General damages are the part of your claim that compensates you for the pain and suffering your injuries have caused you. This is worked out based on the medical report we mentioned above and is valued with the help of the Judicial College Guidelines. This is a publication that provides guideline compensation brackets based on past cases.

We have used these guidelines to create the table below:

InjuryNature of incidentPossible compensation
ParaplegiaCompensation dependent on factors such as the level of pain and life expectancy. £205,580 to £266,740
Brain Damage- (d) Less SevereA good recovery will have been made and the injured person will return to work and have a normal social life. However, not all normal functions will have been restored. £14,380 to £40,410
Injuries Affecting Sight- (b) Total BlindnessComplete loss of visionIn the region of £252,180
Deafness or Tinnitus- (c) Total Loss of Hearing in One EarAt the higher end of the bracket will be cases including tinnitus, dizziness or headaches.£29,380 to £42,730
Impairment of Taste and Smell- (c) Loss of SmellThese symptoms could be caused by a brain injury or infection. £23,460 to £30,870
Kidney (a)Where there has been permanent and serious damage to kidneys or loss of both.£158,970 to £197,480
Back Injuries- (a) SevereWhere there has been damage to nerve roots leading to a severe level of pain.£85,470 to £151,070
Injuries to the Pelvis and Hips- (b) Moderate (I)Here, there will have been a significant injury to the hip or pelvis, but there is no major long-lasting disability.£24,950 to £36,770
Injuries to the Elbow- (b) Less Severe InjuriesWhere the function of the elbow will be impaired, but will not need any major surgery.£14,690 to £30,050
Leg Injuries (iv)- ModerateCan involve multiple fractures as well as severe crush injuries. The amount of compensation will depend on changes of a degenerative nature, wasting of muscle, and any scarring considered unsightly.£26,050 to £36,790

You could also be awarded special damages. These aim to compensate you for monetary losses, which could include lost wages or medical costs for treatment you couldn’t get for free through the NHS. 

Please remember to hold on to any payslips or receipts to prove the costs you have incurred; without evidence, you might not receive the full amount you’re entitled to.

Our advisors can offer you free legal advice about the personal injury claims process in Scotland. Get in touch for more information.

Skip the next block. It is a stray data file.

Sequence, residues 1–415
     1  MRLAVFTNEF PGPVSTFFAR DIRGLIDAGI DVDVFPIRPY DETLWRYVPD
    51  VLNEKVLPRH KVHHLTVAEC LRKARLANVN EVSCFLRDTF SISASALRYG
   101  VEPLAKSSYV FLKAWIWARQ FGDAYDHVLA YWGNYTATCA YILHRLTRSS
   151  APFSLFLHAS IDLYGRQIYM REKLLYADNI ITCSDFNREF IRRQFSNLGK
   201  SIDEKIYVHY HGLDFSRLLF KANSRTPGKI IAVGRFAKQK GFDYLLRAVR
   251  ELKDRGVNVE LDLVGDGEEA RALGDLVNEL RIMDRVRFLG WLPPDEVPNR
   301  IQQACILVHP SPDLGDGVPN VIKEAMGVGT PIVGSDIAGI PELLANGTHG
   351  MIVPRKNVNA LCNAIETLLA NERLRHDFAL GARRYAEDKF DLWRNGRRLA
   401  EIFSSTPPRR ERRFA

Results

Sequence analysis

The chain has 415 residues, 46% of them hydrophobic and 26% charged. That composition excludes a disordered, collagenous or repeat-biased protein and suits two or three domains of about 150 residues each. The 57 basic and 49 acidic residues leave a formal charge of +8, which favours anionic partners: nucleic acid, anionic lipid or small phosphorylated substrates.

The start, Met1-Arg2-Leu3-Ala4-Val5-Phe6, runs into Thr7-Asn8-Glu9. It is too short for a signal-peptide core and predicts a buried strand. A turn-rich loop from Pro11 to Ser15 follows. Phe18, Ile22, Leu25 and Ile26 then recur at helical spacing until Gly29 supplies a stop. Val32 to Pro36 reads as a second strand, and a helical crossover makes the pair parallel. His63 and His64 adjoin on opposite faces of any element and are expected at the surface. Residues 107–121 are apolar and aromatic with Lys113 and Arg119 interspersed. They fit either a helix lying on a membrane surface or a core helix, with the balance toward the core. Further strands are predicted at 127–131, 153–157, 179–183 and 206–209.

Find Out If You Can Make A No Win No Fee Claim In Scotland

Solicitors in Scotland may offer Conditional Fee Agreements (CFAs), also known as No Win No Fee agreements. This is an agreement by which you can fund the work of a lawyer. 

If you work under this kind of agreement, your solicitor won’t ask you for any upfront or ongoing fees. If your claim is unsuccessful, then you won’t be asked to pay your lawyer anything at all.

In the event that you win your claim, you will pay a success fee to your solicitor. This is a small percentage fee taken off the top of your settlement, which is subject to a legal limit to prevent you from being overcharged. 

To find out more, why not speak to an advisor from our team today? They can provide you with free legal advice with no obligation, and they are available at any time. Get in touch by:

  • Using our live chat feature, located at the bottom-right of this page
  • Calling us on 0800 408 7825
  • Contacting us directly through the website

Related Personal Injury Claims

Herniated Disc Compensation UK – Personal Injury Guide

Cut Finger At Work Personal Injury Guide

Fractured Knee Compensation Case Study Guide

Request CCTV footage of yourself — A UK Government resource explaining how you can gain CCTV footage for use as evidence. 

Mental health services — NHS portal showing you where to find mental health services in your area.

Back pain — An NHS overview of back pain. 

For more information about the personal injury claims process in Scotland, get in touch today.

Article by EC

Publisher ET